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Why weight loss produces remission of type 2 diabetes

Why weight loss produces remission of type 2 diabetes

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Dayo Ojerinde

A new study carried out in the University of Newcastle, United Kingdom, has shown that successful response to weight loss was associated with the early and sustained improvement in the functioning of pancreatic beta cells.

The study published in the Journal Cell Metabolism challenges the previous paradigm that beta-cell function is irreversibly lost in patients with type 2 diabetes.

A senior study author, Mr Roy Taylor of the Newcastle University said, “This observation, carries potentially important implications for the initial clinical approach to management.

“At present, the early management of type 2 diabetes tends to involve a period of adjusting to the diagnosis plus pharmacotherapy with lifestyle changes, which in practice are modest. Our data suggest that substantial weight loss at the time of diagnosis was appropriate to rescue the beta cells,” he noted.

The World Health Organization reported that diabetes affects approximately 422 million people worldwide and approximately 90 per cent of cases were type 2 diabetes.

According to, this traditional view was recently challenged by results from the United-Kingdom-based Diabetes Remission Clinical Trial overseen by Taylor and his colleagues.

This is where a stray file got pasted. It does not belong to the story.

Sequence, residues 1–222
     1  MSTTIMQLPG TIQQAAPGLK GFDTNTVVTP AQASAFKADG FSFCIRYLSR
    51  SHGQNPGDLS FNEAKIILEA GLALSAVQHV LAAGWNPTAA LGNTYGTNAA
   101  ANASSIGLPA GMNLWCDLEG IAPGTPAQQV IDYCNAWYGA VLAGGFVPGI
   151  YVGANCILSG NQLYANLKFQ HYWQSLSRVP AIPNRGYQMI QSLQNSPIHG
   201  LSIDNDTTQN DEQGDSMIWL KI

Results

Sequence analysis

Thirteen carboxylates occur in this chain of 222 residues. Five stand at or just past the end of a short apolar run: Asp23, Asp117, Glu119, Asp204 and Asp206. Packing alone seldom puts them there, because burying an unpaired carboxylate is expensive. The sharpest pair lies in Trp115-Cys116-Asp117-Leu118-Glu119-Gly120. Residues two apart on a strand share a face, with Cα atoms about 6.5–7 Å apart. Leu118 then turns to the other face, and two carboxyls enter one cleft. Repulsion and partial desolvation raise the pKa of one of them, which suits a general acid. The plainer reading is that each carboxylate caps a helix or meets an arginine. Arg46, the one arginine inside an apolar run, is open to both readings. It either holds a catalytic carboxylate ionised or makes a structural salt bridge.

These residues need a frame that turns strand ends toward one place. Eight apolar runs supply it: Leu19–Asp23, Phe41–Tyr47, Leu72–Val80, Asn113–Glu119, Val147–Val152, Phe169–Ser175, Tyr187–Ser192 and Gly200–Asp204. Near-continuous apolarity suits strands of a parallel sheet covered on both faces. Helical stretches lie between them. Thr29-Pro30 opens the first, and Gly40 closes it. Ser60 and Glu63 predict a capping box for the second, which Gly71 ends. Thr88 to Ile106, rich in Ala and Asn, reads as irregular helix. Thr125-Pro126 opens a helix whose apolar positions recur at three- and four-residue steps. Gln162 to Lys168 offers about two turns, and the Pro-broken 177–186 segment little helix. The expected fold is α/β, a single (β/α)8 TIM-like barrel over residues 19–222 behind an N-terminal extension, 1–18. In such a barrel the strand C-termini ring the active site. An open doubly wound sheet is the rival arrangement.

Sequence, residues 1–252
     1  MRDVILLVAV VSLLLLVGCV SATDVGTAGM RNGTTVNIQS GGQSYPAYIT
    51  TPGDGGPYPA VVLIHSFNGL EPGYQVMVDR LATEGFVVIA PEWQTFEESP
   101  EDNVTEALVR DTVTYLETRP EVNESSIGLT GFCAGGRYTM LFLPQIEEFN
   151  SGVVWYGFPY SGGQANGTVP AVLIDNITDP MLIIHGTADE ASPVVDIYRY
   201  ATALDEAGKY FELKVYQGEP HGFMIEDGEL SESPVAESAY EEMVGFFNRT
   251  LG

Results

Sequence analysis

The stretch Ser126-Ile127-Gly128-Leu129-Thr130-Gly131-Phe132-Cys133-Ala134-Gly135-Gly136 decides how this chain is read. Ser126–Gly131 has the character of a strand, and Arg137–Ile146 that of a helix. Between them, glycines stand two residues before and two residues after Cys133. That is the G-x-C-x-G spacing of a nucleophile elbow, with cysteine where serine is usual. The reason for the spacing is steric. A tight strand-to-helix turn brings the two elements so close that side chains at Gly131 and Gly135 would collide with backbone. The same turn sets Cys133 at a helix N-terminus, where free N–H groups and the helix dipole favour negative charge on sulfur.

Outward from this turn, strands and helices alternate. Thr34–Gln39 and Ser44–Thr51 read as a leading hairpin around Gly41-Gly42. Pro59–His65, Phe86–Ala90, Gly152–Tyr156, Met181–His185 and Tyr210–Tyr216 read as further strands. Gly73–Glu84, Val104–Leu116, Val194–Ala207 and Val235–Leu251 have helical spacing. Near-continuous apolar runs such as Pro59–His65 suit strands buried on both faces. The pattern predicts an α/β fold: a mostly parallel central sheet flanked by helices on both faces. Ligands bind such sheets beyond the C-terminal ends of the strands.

The study participants, who were diagnosed with type 2 diabetes within six years of the start of the study, were randomly assigned to best-practice care or an intensive primary-care-led weight-management program.

One year later, 46 per cent of the individuals in the intervention group successfully responded to weight loss in that they recovered and maintained control over blood glucose concentrations. Some non-responders simply had not lost enough weight, but in those who had, it was not clear how their response differed from that of responders.

Taylor and his partners, while addressing this question, examined potentially relevant metabolic factors, such as liver fat content, pancreatic fat content, blood concentrations of fats called triglycerides, and beta-cell function.

They found that responders to the weight loss programme were similar to non-responders before the intervention but had a shorter duration of diabetes. Both responders and non-responders had lost comparable amounts of weight, leading to similar reductions in liver fat content, pancreatic fat content, and blood concentrations of triglycerides.

The findings by the researchers suggest that weight loss normalises fat metabolism in all individuals with type 2 diabetes, but the more rapid loss of the capacity of beta cells to recover prevents some individuals from returning to a non-diabetic state.

Taylor also noted that the knowledge of reversibility of type 2 diabetes ultimately due to re-differentiation of pancreatic beta cells will lead to further targeted work to improve understanding of this process.

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